• ‘Again, the capuchin monkey cannot be unequivocally assigned to either the typical anthropoid or nonprimate pattern.’
    • ‘And our next animal up for display is the white-faced capuchin monkey.’
    • ‘My field work has involved observations of the dietary behavior of various species of howler monkeys, spider monkeys, capuchins and tamarins as well as woolly spider monkeys.’
    • ‘A quick Internet search reveals a thriving trade in just about every species of primate, from capuchins to chimpanzees.’
    • ‘His favorite species for this work are chimpanzees, bonobos, and capuchin monkeys.’
    • ‘Numerous primates, including chimps, baboons, black lemurs and capuchins, dip into the jungle pharmacy to combat parasites.’
    • ‘In recent years, researchers have identified an array of unique behaviors found among distinct groups of primate species, including chimpanzees, orang-utans, and capuchin monkeys, and associated them with culture.’
    • ‘We used the owl monkey, the tufted capuchin, and the spider monkey (A. belzebuth) as representatives of subfamilies of Aotinae, Cebinae, and Atelinae, respectively.’
    • ‘Individuals were drawn from two large, well-established social groups of captive brown capuchins from colonies at the Yerkes National Primate Research Center and paired with a partner.’
    • ‘In a recent experiment with pairs of captive capuchins, Brosnan handed a familiar token (a small rock) to one of the monkeys, then turned her own hand palm up.’
    • ‘Our small ships can drop you off on a pristine beach in Costa Rica, with no footprints in sight, where you'll seek out white-faced capuchins in the jungle.’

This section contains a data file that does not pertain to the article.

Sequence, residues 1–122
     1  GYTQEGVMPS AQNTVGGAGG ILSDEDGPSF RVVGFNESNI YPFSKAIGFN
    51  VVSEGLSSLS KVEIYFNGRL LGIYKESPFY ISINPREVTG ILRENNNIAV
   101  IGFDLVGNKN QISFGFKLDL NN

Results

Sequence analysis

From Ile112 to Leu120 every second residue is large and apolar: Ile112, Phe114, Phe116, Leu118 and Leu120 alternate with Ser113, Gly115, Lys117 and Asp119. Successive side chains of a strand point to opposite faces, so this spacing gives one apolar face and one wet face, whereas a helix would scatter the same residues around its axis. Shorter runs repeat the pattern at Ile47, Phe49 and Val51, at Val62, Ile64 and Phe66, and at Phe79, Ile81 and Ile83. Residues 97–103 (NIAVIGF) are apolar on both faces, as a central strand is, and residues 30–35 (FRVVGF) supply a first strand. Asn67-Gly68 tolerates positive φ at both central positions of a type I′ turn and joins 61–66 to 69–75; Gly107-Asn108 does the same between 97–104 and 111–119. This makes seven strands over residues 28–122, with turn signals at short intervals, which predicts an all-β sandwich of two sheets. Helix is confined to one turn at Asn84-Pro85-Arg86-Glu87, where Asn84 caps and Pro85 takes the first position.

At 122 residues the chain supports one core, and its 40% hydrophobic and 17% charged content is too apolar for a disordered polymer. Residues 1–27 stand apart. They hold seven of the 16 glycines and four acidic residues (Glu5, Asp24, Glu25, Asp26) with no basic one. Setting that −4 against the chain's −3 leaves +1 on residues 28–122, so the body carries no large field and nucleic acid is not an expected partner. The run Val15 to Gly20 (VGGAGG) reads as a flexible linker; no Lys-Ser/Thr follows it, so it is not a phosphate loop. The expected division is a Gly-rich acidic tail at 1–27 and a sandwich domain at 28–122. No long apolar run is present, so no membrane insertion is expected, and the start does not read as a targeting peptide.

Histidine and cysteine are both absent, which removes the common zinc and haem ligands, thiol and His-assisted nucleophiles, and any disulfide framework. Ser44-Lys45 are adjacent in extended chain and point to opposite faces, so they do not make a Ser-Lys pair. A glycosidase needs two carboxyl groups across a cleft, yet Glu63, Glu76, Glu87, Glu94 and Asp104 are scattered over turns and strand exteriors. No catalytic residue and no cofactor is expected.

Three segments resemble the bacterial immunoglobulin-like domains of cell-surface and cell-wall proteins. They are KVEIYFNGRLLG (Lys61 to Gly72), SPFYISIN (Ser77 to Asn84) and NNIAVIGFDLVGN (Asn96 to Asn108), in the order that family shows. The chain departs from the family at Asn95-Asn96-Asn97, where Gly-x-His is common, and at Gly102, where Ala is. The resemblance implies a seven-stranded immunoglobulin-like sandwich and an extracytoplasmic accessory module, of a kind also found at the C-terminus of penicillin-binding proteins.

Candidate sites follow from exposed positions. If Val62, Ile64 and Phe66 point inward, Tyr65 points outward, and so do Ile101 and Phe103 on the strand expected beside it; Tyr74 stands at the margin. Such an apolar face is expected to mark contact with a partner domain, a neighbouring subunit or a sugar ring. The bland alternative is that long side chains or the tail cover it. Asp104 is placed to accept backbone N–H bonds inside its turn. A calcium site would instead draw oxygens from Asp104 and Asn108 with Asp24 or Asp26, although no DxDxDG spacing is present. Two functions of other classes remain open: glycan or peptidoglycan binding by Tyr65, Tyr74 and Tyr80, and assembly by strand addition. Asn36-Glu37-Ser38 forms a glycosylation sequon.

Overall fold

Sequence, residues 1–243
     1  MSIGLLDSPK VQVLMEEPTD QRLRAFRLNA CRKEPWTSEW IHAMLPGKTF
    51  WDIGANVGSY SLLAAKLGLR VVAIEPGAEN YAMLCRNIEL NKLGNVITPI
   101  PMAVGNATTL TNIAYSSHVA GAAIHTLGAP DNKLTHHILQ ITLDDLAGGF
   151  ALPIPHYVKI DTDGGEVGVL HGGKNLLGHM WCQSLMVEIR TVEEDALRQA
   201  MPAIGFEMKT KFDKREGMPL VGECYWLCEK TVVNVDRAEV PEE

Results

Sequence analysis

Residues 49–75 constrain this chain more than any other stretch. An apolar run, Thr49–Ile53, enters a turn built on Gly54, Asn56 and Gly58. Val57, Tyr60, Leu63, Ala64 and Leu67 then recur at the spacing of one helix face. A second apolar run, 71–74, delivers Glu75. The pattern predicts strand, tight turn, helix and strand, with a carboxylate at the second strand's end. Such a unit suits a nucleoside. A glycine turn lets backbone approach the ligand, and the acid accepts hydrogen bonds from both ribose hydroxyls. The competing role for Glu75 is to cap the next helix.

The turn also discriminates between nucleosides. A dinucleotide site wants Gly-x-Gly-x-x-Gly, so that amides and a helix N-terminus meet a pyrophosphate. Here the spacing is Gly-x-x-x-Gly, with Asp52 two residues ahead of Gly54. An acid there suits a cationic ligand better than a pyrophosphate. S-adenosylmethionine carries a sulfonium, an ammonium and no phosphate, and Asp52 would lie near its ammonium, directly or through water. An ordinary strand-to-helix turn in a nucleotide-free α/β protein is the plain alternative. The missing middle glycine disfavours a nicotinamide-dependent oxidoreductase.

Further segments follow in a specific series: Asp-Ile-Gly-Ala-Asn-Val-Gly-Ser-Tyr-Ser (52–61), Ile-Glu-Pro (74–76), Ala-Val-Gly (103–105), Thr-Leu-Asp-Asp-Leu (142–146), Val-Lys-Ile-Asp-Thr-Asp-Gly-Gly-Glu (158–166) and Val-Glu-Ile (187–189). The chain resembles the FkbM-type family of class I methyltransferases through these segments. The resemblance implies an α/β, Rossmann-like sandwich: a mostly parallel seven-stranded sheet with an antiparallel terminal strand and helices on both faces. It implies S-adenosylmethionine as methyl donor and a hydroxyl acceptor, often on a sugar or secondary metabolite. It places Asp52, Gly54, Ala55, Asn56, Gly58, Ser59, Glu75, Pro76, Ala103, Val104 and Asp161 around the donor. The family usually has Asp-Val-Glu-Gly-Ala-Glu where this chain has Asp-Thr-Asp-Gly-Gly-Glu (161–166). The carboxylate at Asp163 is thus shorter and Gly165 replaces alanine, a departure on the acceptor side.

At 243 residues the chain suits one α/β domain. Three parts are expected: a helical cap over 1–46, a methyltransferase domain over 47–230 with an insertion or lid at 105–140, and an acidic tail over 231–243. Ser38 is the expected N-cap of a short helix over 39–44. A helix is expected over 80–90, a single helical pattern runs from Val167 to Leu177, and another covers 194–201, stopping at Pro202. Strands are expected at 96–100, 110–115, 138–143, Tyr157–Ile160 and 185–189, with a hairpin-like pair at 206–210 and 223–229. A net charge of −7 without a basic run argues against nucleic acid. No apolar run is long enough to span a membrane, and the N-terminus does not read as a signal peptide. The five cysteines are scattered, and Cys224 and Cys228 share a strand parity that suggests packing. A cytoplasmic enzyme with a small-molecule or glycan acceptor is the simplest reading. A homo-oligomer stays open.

• ‘Among the primate species are red howler and wedge-capped capuchin.’
    • ‘Scientists believe the monkeys rub the bugs on their fur to ward off mosquitoes, a behavior documented in capuchin monkeys but never in the nocturnal owl monkeys.’
    • ‘Female capuchin monkeys refused a treat offered for good work if other monkeys received better treats.’
    • ‘They trained capuchin monkeys, which are native to the forests of South America, to exchange a token for food.’
    • ‘What we've shown is that capuchin monkeys look remarkably like us; making rational decisions in many of the same settings that humans get right, but also make many of the same mistakes we make.’
    • ‘The researchers said capuchins are well-suited subjects for study since they are relatively large-brained primates, skilled problem solvers, and a close evolutionary neighbor to humans.’
    • ‘The main point of the Chen and Santos experiments is to show that capuchins can learn to engage in a wider variety of behaviors that look like human economic transactions.’
  • 4

    (also capuchin)
    A pigeon of a breed with head and neck feathers resembling a cowl.

    ‘Groups of male capuchin birds attract females with sounds like the whine of some outer-space cicada insect crossed with a sick cow: ‘mmmmmmmm-WOW!’’
    • ‘In our wide territory, different kinds of ducks can be found such as: golden-coloured ducks, red shoveler, pintails, capuchin pigeon, and whistling ducks.’
    • ‘There is also a capuchin pigeon with a feathery topknot.’
    • ‘For bird species we can cite the red and blue macaw, the brown-throated parakeet, the king vulture, the white bellbird, the hummingbird, and capuchin bird.’

Pronunciation

Capuchin

/ˈkap(y)ə(t)SHən/ /ˈkæp(j)ə(t)ʃən/ /kəˈpo͞o(t)SHən/ /kəˈpu(t)ʃən/

Origin

Late 16th century from obsolete French, earlier form of capucin, from Italian cappuccino, from cappuccio ‘hood, cowl’, from cappa (see cape), the friars being so named because of their sharp-pointed hoods.